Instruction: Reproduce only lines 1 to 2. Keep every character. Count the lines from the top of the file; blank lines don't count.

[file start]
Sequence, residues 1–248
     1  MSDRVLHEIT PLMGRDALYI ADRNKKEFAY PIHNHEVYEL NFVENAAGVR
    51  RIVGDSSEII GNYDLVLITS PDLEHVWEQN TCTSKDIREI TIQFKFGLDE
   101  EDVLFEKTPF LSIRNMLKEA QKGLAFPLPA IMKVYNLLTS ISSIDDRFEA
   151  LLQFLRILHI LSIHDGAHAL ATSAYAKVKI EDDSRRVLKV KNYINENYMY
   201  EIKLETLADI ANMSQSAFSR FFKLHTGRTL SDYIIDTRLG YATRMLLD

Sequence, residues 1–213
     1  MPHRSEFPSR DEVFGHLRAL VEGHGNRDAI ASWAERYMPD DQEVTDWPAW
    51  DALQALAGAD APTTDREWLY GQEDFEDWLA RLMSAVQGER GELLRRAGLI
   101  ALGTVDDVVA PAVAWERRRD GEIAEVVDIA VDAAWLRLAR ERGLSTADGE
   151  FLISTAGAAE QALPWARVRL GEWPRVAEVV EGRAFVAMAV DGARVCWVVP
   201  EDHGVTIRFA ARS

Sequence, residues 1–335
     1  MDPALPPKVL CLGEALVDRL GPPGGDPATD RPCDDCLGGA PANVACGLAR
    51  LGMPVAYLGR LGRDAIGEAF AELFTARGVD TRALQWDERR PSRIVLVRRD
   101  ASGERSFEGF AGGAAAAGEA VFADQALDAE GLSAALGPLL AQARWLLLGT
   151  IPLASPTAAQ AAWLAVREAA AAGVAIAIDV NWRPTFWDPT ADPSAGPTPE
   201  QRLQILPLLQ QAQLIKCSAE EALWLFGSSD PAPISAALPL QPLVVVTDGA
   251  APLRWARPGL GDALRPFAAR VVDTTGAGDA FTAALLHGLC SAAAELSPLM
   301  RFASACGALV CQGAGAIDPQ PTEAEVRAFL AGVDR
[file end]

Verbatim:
Sequence, residues 1–248
     1  MSDRVLHEIT PLMGRDALYI ADRNKKEFAY PIHNHEVYEL NFVENAAGVR